This week I will be sharing pieces I’ve written about our miscarriage over the past 6 years. They have been scattered across different blogs in different seasons, spanning the full arc of my faith deconstruction and grief journey and I wanted to bring them together in one place to make them more accessible, and also as an act of remembrance for our Selah. March is Pregnancy After Loss month, something I couldn’t fathom in the wake of our miscarriage and have been wrestling with ever since the arrival of our twins just over a year later. If you have experienced the loss of a child, please know you have a home here, that I hold space for your pain, and that you are not alone.
March 30, 2017
The memory of exhausting emotion and then throbbing, empty pain is all I have of you, little one. Elation, then suffocation. You were but a wisp of a thing, sliding on through from this world to some other. Stardust to stardust. (I read that this is true for all of us. 93% of our mass is stardust- matter changing form but unchanging in substance across space-time. It is infinitely more hopeful to think of you this way than as a clot of cells contracted out and washed down the toilet in a little basement apartment.)
Tonight I planted seeds for our little vegetable garden and marveled at the life and nourishment that will come from these tiny pods of possibility. When your life ended you were already much larger than they – the cheerful pregnancy websites say you were the size of a blueberry, with eye color and eye lids and internal organs. We were beginning to be tethered together by our placenta, if I could have held onto you. Oh, all that you could have been if I could have held onto you, sweet girl.
My inestimable star child. One day my body will be reduced to ashes, scattered or flushed or swept away into this world or some other. Some day, we will be as one. It is not so lonely when I think of this, you and I becoming soil for growing things, life-sustaining molecules ingested by wild creatures who, as Wendell Berry says, “Do not tax their lives with forethought of grief.” Wise ones.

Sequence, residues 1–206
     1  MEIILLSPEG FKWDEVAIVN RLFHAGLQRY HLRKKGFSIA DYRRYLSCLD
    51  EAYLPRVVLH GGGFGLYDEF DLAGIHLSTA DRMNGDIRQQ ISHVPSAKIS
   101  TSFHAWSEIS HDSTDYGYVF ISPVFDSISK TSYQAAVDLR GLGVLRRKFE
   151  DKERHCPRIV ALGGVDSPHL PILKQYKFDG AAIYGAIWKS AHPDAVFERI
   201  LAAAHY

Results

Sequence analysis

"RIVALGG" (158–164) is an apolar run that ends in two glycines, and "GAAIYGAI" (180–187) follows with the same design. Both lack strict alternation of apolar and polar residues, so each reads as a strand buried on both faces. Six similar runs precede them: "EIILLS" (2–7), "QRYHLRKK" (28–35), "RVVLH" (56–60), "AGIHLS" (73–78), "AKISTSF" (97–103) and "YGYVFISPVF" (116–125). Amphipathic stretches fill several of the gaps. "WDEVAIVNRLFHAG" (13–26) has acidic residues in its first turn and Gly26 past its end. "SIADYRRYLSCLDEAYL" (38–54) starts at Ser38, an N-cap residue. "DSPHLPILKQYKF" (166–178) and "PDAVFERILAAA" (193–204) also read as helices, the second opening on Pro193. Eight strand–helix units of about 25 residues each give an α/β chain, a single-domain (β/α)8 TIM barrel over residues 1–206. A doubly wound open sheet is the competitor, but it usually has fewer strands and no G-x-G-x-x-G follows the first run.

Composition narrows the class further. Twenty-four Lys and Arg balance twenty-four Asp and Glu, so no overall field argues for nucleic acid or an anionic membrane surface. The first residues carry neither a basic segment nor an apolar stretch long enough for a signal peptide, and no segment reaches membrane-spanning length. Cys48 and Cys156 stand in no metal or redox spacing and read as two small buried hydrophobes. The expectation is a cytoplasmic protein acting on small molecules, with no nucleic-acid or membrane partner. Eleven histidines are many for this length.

Parenthood has given me fear that I did not expect. I do not fear for you, Selah. I trust you are more where you are than you could be here. This world could not hold you. But the longer it holds your brother and sister and father and I and all those we love, the more I grieve the end. There is a wild and terrifying man and many like him sowing seeds of fear and greed that are already taking root in irreversible ways. What is there to do but sow our own seeds of hope? Of life? Will you nurture them, Selah girl?
I feel the elephant weight of mother’s guilt confessing this, but sometimes I feel the relief of only two children. Even as I carry my grief, you are one less child to worry into the certainty treacherous future. In my lifetime or certainty Rowan and Evelyn’s, there will be water wars and major weather events disrupting growing seasons and floods and the death of marine life and more animals will become endangered before disappearing altogether. I feel powerless. But you are already doing wild life-sustaining work – the bits of star energy of your cells nourishing the ground or water or comprising the very cells of the creatures that struggle along on this beautiful, dying planet.
Thank you for your gift, Selah.
I carry you always in my heart.
You are life.
You are death.
You are neither life nor death, for you straddled the space between.
You are stardust.